9. Find some time for HIM, and only HIM.  There will always be something to do.  There will never be enough hours in the day.  Let me tell you; find the time to give to your man.  Shut everything down, and focus on each other. People tend to forget that the relationship consists of two people.  Not the kids, mom, the job, the girls, and everything in between. Don’t take time for granted, because tomorrow is not promised.

Ladies, I can understand your pain.  It is becoming a more difficult task finding that knight in shining armor, but you have to do a better job of attracting, and keeping him.  I am not claiming to know everything, but I do know what we look for.  So the next time you decide to ask, “Where they at?” You might just have to do a self-examination to see if you are in the right place first.

We don’t know how to help each other

blackwomen

Written by Gregory Meriweather

 

What can be said when the biggest news in the 14th largest city in the US is a fight between two girls’ high school basketball teams?  The news has become so huge that ESPN W has it featured on their page. The images are distasteful, and display a picture that would cause one to call these young ladies common hoods, thugs or criminals.

But isn’t it the job of the media to tell a juicy story that makes you come to some sort of conclusion?  Yes, we have social media, we have cameras, we have phones to take pictures and share videos, but does that mean perception is reality?   My answer to that question is NO!  Reality is reality.  Perception to me is lazy man and woman language.  Perception to me means that you are afraid, or too lazy to take the next step to find out what is real.

Before writing this, I could not seem to go to sleep last night, because my mind went beyond the fight.  My mind went back to that angry kid who lived on 21st street, that had a father who abused his mother, and some nights when food was limited, or nights when the lights were turned off, or the furnace was bad so the gas man turned off the gas. I thought about still going to school every single day, and not missing a day.  Were there days when I was mad at the world? Absolutely, but I found a place that was therapeutic, and that place was a basketball court.

When I stepped on that court, I let it all loose. Did it take the pain away?  Well for a small period of time, it did. I was able to use that game to get me out of a place that brought me so much pain. For the people who don’t know what it takes to be a student-athlete, understand that it is not an easy task at all.  Generally, you are practicing when people are doing homework.  You have games on nights when your friends are hanging out.  You have the responsibility of maintaining a good image, even when things are not going well in your personal life.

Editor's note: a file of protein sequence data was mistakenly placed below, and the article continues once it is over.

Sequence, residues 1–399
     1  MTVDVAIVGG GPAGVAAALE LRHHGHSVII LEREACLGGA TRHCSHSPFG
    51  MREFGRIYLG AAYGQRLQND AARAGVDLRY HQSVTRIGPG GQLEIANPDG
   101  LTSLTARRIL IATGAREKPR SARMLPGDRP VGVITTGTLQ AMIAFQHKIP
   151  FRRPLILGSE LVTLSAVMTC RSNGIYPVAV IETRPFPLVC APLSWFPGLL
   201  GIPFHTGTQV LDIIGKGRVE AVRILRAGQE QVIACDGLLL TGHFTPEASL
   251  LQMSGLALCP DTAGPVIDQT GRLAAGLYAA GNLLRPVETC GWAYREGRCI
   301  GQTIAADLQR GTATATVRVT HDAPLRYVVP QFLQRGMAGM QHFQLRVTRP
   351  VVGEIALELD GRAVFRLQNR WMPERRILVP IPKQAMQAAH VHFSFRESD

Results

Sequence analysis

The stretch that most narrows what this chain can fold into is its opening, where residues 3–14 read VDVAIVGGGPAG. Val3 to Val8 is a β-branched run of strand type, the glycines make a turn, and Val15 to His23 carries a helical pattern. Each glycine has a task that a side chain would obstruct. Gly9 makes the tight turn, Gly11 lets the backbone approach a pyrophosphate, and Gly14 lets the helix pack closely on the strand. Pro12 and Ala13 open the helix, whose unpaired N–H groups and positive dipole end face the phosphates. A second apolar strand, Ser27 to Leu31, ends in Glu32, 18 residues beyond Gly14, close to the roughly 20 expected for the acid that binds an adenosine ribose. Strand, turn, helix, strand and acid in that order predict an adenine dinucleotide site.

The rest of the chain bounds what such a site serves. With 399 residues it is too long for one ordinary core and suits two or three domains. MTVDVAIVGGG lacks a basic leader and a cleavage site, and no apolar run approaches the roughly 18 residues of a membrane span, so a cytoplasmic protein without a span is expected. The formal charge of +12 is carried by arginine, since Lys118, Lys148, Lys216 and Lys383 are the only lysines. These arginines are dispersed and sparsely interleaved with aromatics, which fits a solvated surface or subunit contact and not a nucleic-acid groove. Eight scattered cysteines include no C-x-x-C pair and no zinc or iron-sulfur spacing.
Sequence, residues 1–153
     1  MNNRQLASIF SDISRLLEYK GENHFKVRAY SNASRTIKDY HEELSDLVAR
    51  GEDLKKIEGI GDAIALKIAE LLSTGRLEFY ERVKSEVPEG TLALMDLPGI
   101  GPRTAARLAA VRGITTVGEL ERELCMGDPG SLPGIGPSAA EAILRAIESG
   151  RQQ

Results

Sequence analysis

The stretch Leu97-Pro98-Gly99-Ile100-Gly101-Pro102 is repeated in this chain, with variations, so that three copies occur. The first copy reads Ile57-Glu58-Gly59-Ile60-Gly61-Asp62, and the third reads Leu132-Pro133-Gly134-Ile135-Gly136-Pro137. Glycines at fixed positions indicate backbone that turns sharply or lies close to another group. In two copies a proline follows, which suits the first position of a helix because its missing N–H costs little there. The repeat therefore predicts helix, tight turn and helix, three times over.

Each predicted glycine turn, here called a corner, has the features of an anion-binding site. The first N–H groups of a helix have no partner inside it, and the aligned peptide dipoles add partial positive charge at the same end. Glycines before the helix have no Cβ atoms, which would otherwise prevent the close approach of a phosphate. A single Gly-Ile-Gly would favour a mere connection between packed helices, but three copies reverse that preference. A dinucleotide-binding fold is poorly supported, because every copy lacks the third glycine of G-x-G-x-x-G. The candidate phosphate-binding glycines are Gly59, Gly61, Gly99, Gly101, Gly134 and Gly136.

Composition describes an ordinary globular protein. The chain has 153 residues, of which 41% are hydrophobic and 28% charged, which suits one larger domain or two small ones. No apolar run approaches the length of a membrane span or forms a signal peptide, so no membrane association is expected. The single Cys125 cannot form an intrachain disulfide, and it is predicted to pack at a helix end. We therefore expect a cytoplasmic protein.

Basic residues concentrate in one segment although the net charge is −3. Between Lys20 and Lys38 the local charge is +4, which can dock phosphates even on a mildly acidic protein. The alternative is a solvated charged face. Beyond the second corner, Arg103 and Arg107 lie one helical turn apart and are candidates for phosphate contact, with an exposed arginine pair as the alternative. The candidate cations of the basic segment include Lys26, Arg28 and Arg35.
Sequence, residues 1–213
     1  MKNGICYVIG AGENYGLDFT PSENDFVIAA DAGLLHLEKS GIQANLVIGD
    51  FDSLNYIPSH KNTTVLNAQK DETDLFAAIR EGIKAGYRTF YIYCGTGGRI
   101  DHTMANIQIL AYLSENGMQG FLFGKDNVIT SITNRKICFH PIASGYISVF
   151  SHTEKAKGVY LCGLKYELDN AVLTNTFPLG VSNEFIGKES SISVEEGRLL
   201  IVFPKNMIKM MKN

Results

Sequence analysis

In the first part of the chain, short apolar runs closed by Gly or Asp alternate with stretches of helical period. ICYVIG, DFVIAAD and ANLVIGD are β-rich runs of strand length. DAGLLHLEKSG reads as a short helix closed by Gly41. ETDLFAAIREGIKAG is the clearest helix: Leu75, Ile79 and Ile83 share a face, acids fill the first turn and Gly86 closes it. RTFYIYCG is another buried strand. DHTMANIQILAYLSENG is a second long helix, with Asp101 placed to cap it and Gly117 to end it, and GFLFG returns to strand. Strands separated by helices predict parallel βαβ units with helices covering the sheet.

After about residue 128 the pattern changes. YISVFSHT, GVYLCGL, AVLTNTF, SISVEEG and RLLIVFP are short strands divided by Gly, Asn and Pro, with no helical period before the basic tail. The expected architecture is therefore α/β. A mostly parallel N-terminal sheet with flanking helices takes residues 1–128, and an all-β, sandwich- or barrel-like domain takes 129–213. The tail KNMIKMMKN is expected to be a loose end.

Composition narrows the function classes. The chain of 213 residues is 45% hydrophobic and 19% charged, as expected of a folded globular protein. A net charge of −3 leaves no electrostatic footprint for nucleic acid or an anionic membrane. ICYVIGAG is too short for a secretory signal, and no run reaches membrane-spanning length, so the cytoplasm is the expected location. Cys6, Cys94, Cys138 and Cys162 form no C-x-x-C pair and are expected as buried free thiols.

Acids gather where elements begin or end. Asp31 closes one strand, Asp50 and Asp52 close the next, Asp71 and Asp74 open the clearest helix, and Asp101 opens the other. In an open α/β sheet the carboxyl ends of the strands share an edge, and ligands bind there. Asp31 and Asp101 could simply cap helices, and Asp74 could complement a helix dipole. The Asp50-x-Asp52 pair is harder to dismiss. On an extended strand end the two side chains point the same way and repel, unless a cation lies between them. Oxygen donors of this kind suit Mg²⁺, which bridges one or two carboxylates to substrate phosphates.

Well if no one else will say it, I will…WE MADE A MISTAKE.  We made a mistake for looking down on these children instead of finding out the problems off the court.  We made a mistake for comparing these student-athletes to the common thugs that roam the halls wreaking havoc on teachers, and students alike.  We made a mistake for not providing these young ladies an avenue to say that they’re sorry for this terrible altercation.

We are upset about our precious daughters being on the court throwing punches, and stomping as if they were Ronda “Roudy” Rousey.  I do believe that these young ladies should be penalized for their infractions, but to take the entire season is a bit much in my most humbled opinion. 

What will these young ladies do now that their season is over?  What will their days look like if playing basketball kept them from being home by themselves for a long period of time?  What about that person who does not have siblings and the team has become family? What about the senior who may have been on the verge of getting out of the turmoil of the neighborhood? What about me?  What about the kid who went home to abuse, stomach rumblings, and no heat or lights?   

Who will become pregnant?  Who will be sexually assaulted?  Who will die?  Turning the lights off and putting the chains on the door may be simple to some, but to me, this is more than just a game.  This may have been a big brawl to some, but to me it was an old school fight that we televised. Now the adults have to take the position to do some preventative maintenance (to prevent further damage), and help teach a lesson that builds these young ladies back up. Rehab these ladies. Don’t let this be a death sentence for them.  My heart is hurting for them, because I truly understand that hurting people, hurt people. 

There is a lot of self-righteousness floating around these days, especially in the Black community.  Let me say this, “You didn’t get caught!” I can bet a dollar to a thousand that you did something that could have ruined you, if placed in the right eyes or hands. I reached out to a lot of people to help bring these young ladies together, and the response to come to their aid has been repulsive. I have even had people who know some of the parents, who have informed me that the parents are just giving up on the situation. We need to learn how to help our people when they are down, because if we don’t learn how, we are just a wrong as any young lady kicking her opponent while she is on the ground. Kicking a man or woman while he/she is down is not just a literal term. 

How many of these young ladies have you kicked now that they are down??